Question about FAQ section 7.1
dshaw at jabberwocky.com
Sat Sep 25 01:02:51 CEST 2004
On Fri, Sep 24, 2004 at 11:24:17PM +0100, Neil Williams wrote:
> On Friday 24 September 2004 10:41 pm, David Shaw wrote:
> > I have backups of my secret key off of my HD, burned onto a CD and
> > stored in a secure place. Don't forget one of the best backup
> > methods: export the secret key packet with ASCII armor and print it
> > out. Paper generally is the safest thing out there in terms of media
> > decay. If all else fails, I can re-type the thing in.
> > David
> (Which kind of legislates against large key sizes!!)
> I keep print outs of revocation certificates because they are truly
> short - 3 or 4 lines. My secret key is more like 50 lines. I would
> have to be truly desperate to type, check and re-check all those
> characters. I'm generally a good typist, but I wouldn't like to try
> that little exercise! I think I'd find it easier to recreate the
> more important signatures on a new key.
Not the whole secret key. Just the secret key packet itself.
The logic is that I don't need to do anything special to back up my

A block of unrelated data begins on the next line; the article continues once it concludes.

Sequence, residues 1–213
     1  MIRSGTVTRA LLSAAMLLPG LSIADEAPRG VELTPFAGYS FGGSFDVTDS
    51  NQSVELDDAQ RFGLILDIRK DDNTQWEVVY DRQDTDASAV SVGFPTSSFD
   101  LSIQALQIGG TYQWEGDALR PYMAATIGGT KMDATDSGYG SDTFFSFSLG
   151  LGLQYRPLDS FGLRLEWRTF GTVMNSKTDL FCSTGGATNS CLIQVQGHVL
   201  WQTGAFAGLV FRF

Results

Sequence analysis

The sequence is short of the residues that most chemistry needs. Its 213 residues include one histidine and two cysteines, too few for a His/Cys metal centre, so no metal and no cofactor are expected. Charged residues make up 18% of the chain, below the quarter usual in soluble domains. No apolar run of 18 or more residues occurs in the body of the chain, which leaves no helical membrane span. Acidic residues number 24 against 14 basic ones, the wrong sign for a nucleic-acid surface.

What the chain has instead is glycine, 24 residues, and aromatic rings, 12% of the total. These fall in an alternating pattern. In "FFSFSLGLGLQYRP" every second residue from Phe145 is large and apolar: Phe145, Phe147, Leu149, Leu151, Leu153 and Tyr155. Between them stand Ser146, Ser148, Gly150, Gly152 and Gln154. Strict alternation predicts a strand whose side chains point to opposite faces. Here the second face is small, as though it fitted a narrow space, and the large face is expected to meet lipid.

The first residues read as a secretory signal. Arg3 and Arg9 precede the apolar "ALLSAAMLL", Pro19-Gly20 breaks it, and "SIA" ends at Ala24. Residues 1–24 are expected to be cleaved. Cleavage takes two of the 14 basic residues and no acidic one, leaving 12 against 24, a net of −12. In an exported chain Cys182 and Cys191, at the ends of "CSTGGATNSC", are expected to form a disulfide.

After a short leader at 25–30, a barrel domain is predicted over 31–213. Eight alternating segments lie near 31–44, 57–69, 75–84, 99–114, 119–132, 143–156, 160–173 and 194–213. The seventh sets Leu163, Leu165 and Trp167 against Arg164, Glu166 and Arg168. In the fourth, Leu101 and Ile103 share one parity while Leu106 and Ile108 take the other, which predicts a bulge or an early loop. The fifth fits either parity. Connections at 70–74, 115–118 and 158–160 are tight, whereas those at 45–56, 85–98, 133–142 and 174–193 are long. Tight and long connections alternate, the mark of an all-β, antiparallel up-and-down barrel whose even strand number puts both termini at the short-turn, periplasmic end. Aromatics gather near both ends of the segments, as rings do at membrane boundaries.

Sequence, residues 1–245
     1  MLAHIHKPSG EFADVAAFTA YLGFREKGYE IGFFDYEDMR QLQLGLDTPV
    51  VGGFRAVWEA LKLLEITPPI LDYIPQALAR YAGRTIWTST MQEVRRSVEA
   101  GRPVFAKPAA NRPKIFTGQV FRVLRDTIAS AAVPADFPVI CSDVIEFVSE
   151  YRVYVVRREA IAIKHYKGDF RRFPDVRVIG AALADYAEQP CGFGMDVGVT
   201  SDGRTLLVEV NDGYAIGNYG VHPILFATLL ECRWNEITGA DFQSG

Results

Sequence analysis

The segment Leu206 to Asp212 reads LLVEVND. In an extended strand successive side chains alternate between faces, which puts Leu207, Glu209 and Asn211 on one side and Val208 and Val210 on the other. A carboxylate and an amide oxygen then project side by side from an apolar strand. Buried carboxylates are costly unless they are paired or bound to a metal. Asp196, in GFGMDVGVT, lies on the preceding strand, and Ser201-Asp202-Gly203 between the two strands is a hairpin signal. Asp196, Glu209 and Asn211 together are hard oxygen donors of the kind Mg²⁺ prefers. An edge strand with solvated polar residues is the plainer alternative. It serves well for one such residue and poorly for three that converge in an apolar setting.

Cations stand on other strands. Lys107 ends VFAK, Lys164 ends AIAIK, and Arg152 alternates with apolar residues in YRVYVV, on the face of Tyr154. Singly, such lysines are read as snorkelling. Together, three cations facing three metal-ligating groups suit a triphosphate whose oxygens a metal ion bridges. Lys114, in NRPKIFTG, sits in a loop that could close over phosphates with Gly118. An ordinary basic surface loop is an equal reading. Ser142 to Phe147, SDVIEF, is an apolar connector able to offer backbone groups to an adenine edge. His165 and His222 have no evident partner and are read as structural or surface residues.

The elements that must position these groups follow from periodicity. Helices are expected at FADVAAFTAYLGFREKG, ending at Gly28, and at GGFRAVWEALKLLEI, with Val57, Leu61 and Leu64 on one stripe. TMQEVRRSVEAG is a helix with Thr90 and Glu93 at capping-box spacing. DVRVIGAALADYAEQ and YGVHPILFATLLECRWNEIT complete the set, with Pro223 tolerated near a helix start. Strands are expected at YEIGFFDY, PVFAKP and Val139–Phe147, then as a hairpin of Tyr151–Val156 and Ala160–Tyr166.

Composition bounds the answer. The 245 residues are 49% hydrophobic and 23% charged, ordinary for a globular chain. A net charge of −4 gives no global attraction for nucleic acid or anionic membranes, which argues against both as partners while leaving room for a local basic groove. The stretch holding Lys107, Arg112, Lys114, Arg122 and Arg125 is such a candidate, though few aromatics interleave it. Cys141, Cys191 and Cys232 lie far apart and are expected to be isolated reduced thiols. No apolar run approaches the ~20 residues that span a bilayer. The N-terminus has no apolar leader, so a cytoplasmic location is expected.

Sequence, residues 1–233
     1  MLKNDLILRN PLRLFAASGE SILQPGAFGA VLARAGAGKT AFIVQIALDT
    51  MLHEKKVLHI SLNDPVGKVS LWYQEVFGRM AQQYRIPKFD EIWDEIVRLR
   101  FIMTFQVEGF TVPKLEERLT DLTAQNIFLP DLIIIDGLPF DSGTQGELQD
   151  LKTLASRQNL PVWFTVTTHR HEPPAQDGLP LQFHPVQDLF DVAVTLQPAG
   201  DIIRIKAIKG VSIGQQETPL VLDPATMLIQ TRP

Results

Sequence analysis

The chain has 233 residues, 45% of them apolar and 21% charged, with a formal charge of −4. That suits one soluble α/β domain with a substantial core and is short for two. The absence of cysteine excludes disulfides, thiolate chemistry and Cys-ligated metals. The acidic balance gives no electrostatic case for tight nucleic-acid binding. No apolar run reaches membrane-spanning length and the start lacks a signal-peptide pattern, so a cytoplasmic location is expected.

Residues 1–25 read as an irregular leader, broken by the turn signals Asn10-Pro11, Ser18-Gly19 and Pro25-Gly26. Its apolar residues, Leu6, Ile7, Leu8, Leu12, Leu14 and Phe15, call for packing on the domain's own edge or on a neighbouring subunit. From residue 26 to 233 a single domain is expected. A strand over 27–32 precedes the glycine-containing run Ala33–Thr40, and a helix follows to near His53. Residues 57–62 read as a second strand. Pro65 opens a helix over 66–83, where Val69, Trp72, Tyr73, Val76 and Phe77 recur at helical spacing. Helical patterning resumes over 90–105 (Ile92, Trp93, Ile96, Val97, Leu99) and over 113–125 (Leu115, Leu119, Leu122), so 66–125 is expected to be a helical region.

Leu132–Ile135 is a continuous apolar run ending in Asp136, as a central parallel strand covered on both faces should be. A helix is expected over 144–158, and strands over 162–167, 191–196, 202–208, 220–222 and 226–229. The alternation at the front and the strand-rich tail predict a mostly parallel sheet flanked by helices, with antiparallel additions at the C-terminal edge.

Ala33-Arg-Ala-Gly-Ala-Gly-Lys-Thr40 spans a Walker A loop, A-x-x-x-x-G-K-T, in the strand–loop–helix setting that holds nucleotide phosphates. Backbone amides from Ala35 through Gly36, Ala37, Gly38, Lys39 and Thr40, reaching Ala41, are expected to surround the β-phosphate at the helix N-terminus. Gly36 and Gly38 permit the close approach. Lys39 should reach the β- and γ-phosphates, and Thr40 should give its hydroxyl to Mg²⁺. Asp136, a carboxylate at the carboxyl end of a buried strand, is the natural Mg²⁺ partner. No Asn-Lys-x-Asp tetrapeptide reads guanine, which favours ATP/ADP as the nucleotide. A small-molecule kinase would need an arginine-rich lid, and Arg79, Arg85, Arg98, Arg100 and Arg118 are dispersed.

public key and signatures since if all else fails I can just get it
from any of a number of keyservers. The self-sigs are on the public
key as well.
My secret key is backed up in the usual way (CD-R). The paper copy is
a "if all else fails" backup, and it's not large at all: The only
truly secret part of the secret key is the key data itself, and the
common 1024-bit DSA key is only 11 lines long. I'd rather type in 11
lines than make a new key. It's not something I want to do regularly,
but if my CD-R backups fail for whatever reason, I can spend 30
minutes typing it back in again, and not lose access to my encrypted
People often see CD-Rs fail after 3-4 years... paper will last longer
than I will.
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